By Alemayehu G. Mariam | 16 March 2009
From Discontent to Renewal
In the Winter of our discontent, we complained about the wasted years of antagonism, discord and strife among pro-democracy elements of the Ethiopian Diaspora.We deplored the years of infighting and useless bickering which had given much delight and merriment to the ruthless dictators. We expressed collective regret over our shortsightedness and inability to see the big picture, and to work collaboratively for the great cause of freedom, democracy and human rights in the motherland. We chafed about lost opportunities to become effective instruments for the protection of human rights in Ethiopia. We found ourselves gripped by a pervasive sense of powerlessness and political paralysis. Then we had our “Aha!” moment, that moment ringing with the “fierce urgency of now”. Then we declared, “We must learn from past mistakes, overcome our differences and march forward together to the exhilarating drumbeat of freedom, democracy and human rights in Ethiopia.”
We are now in our Spring of hope and renewal. Our hope comes from a new sense of unbridled optimism guided by the principle that Ethiopians united can never be defeated. Our renewal comes in the form of a new consciousness: 1) that we can do things much better than before and differently, and by harnessing our resources worldwide, we can effectively promote the cause of freedom, human rights and democracy in Ethiopia; 2) by remaining divided and fragmented, we would be effectively aiding and abetting in the continuing criminal enterprise of the ruthless dictators. This Spring, for many pro-democracy Ethiopians throughout the world, is a time for a new commitment to the cause of freedom, democracy and human rights in Ethiopia. The seeds of goodwill planted in dialogue and consultation in the Winter are now sprouting as seedlings of collaborative action, cooperation and worldwide consolidation in the struggle for the protection of human rights in Ethiopia. This Spring, pro-democracy Ethiopians can be heard all over the world saying, “Enough talk. Shake hands. Let’s get busy!”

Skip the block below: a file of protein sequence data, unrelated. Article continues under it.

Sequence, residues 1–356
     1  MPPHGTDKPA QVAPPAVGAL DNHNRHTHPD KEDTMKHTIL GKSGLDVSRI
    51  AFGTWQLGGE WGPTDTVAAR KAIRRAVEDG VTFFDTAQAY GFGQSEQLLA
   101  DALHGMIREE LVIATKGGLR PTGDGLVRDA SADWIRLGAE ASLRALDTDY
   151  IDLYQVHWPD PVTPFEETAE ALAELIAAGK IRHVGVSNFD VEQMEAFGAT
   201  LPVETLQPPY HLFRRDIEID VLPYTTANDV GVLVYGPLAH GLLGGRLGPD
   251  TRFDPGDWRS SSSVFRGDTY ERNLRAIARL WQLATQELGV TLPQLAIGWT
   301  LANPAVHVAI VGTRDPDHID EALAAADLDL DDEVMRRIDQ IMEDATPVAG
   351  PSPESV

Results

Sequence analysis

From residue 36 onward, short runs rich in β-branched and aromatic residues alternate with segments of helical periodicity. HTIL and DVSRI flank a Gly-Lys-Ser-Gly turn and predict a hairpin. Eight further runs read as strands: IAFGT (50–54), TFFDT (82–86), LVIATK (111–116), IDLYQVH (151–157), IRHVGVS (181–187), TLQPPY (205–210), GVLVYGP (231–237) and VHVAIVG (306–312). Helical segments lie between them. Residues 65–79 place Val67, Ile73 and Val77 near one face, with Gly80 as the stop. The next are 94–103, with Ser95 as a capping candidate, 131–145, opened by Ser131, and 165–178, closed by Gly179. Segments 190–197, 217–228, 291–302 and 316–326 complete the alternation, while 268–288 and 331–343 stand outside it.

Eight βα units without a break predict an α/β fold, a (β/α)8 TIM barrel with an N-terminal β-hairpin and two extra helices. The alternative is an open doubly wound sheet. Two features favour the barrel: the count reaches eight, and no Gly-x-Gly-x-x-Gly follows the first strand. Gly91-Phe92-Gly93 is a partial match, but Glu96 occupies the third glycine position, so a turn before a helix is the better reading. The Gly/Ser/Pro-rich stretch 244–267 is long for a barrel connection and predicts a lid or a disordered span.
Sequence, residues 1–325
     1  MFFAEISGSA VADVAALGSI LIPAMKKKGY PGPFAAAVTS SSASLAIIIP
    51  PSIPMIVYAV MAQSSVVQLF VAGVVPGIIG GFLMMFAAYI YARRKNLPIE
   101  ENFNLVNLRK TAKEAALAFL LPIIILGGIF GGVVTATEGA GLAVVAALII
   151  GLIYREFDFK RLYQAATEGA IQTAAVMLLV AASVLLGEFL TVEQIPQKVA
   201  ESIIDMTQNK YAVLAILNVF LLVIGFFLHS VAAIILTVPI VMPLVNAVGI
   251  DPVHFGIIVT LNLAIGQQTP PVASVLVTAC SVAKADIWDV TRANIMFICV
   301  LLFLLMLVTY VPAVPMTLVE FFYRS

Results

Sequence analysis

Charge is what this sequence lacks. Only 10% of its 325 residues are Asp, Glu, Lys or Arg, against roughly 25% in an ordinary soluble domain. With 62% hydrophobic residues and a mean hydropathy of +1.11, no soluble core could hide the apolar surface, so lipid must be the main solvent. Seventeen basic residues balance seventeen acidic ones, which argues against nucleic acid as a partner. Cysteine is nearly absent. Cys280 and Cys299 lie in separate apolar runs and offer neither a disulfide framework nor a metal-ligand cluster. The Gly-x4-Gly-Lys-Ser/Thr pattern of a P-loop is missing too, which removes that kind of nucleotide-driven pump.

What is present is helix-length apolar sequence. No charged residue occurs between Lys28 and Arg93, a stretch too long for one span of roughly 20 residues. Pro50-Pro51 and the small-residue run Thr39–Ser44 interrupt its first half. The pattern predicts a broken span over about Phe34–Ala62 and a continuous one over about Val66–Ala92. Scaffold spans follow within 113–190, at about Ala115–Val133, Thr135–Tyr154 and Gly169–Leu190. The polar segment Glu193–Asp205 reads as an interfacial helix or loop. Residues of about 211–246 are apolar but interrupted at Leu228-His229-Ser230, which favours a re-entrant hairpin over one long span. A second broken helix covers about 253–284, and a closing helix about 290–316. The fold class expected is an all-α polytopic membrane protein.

Fired Up and Ready to Rumble!
We are fired up and ready to rumble! Everywhere we turn, we find an overwhelming consensus among pro-democracy Ethiopians that building respect for human rights and the rule of law will help ensure the dignity to which every Ethiopian is entitled, and stem the arbitrary powers of dictators, reduce intolerance and political violence. Validation of this truth comes from all sectors. The refugees who fled the persecution of the ruling dictators in Ethiopia testify to it. Former political prisoners, dissidents, exiled journalists, human rights advocates and all who believe in democracy, freedom and the rule of law say in a single voice that it is time to act. The victims of war crimes and crimes against humanity call upon us in exile to champion their cause and alleviate their suffering.
Spring Into Action
Ethiopians in exile are excited about the prospect of working together to help alleviate human rights violations in Ethiopia. There is unquestionably massive consensus among pro-democracy Ethiopian exiles to forge a common human rights agenda. But there are issues that bear directly upon the practical formulation and implementation of such an agenda. We are wrestling with two such issues now: 1) determining the most effective method to bring together divergent elements in the worldwide Ethiopian exile community to work and act together in common cause, and 2) identifying a set of actions and outcomes that can be taken to produce tangible and quantifiable results in improving the human rights situation in Ethiopia. These two questions require careful and thoughtful consideration.